With an investment of over $5 Bn in India, Prosus (previously Naspers) has said that it is focussing on the health of its portfolio businesses so that they can come out stronger from Covid-19 pandemic.
The company, in an analyst call, said that it has $4.6 Bn in net cash and can also raise debt if needed. “So we have actually a lot of capacity to do further M&A without raising further funds,” said Prosus CEO Bob van Dijk.
Prosus has channelled most of is investments into India as the market promises a huge consumer base. Its investments in the country include food delivery unicorn Swiggy and edtech unicorn BYJU’S. The company also owns online payments firm PayU and digital classifieds business OLX, which are also its “core areas” of further investments.
For Prosus, one of the potential areas of consolidation is food delivery. Globally, the company also currently holds stakes in Brazilian food delivery startup iFood and Germany’s Delivery Hero, among others.
Top executives of Prosus said they see food delivery as “recession-proof” but also competitors could struggle given the capital intensity. “I think you’ll see some of the weaker businesses globally struggle to survive in this new context,” said Larry Illg, who heads food delivery investments at Prosus.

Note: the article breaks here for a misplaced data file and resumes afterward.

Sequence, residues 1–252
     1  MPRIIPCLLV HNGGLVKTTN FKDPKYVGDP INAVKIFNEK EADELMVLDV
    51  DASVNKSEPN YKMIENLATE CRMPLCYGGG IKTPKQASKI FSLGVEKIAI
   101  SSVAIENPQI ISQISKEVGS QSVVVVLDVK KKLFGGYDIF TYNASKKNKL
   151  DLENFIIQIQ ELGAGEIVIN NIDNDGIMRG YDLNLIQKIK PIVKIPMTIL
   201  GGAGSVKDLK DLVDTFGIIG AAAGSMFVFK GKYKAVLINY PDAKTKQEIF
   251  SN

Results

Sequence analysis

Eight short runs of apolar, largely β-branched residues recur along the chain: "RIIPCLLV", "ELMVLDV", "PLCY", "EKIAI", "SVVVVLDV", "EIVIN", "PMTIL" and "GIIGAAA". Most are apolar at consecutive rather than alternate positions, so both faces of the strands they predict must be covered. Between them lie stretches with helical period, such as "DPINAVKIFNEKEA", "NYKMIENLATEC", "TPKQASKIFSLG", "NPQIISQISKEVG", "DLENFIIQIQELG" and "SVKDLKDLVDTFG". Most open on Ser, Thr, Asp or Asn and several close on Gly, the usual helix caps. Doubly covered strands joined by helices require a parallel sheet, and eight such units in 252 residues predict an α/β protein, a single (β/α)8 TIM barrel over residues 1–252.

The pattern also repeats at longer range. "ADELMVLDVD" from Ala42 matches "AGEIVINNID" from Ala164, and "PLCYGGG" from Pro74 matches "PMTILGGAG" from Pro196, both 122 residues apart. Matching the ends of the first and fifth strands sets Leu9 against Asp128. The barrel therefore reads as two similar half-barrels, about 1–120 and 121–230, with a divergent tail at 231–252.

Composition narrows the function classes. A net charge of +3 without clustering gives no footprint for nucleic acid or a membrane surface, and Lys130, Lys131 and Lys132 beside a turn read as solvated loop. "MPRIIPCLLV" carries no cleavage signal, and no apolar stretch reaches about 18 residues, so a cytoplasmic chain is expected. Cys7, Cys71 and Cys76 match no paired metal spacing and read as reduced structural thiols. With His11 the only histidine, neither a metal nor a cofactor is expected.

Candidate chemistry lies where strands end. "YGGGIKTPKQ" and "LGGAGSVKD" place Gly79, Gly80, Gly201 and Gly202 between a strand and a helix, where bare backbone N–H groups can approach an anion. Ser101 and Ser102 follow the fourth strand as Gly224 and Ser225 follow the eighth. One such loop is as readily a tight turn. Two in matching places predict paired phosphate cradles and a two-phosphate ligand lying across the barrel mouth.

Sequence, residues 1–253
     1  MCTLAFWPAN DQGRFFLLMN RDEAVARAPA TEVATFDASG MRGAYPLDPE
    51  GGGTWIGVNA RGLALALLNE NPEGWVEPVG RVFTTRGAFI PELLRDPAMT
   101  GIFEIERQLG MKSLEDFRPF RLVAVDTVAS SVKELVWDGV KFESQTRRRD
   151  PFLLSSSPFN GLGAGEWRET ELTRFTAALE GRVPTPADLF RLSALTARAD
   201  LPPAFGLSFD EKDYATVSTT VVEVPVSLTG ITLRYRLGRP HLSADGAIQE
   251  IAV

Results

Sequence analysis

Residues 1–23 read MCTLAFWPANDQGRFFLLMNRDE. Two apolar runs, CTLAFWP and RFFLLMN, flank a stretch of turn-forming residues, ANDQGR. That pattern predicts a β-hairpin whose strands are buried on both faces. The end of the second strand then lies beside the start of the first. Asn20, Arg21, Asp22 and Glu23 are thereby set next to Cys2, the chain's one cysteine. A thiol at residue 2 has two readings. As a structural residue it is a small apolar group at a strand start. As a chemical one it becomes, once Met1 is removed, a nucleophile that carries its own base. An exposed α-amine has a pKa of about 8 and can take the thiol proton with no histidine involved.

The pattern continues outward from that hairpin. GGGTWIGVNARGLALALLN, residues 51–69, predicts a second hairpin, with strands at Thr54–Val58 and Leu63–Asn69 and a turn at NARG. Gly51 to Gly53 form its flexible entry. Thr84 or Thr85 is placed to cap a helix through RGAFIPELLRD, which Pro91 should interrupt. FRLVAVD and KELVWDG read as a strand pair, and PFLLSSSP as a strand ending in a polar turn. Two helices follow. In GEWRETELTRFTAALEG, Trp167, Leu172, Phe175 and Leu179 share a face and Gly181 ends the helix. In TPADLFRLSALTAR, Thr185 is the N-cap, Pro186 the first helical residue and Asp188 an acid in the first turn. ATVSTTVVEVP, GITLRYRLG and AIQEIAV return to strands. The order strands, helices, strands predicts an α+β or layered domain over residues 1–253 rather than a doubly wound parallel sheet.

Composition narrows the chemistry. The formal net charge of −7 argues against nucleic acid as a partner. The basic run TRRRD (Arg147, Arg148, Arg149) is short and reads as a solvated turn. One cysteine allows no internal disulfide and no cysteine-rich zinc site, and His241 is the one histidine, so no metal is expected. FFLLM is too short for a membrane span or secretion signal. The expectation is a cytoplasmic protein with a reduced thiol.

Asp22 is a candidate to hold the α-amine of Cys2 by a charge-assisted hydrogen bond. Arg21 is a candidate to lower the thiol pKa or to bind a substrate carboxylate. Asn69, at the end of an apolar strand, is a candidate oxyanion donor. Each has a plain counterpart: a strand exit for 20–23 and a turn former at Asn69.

PayU, which earns over half its revenue from India, saw a 50% fall in transactions after the lockdown in India but is starting to recover, the VC firm added.
“It is still too early to assess the full impact on the business in India. But, we are confident that PayU is well-positioned as e-commerce recommences online, thanks to the solid portfolio of very large (e-tailers),” said Dijk.
According to DataLabs by Inc42, the total capital raised by Indian startups in Q1 2020 stood at $4.1 Bn, which is 12% higher than the previous quarter. The $807 Mn investment in OYO along with other outlier funding rounds have increased the overall value of funding this quarter.
It is a fact that the Covid-19 pandemic, along with the lockdown which followed in India and other countries has had a devastating impact on the startup ecosystem. There have been numerous reports on employee layoffs, cutting down of startup valuations, investors pulling out of funding rounds and a slowdown in the overall business performance of startups.
Two primary reasons behind the flux in the ecosystem are uncertainty and panic. With the sudden turn in events, the operations of Indian startups are poised to witness a series of fundamental changes, but the question remains how fruitful will this be for the overall health of the Indian startup economy.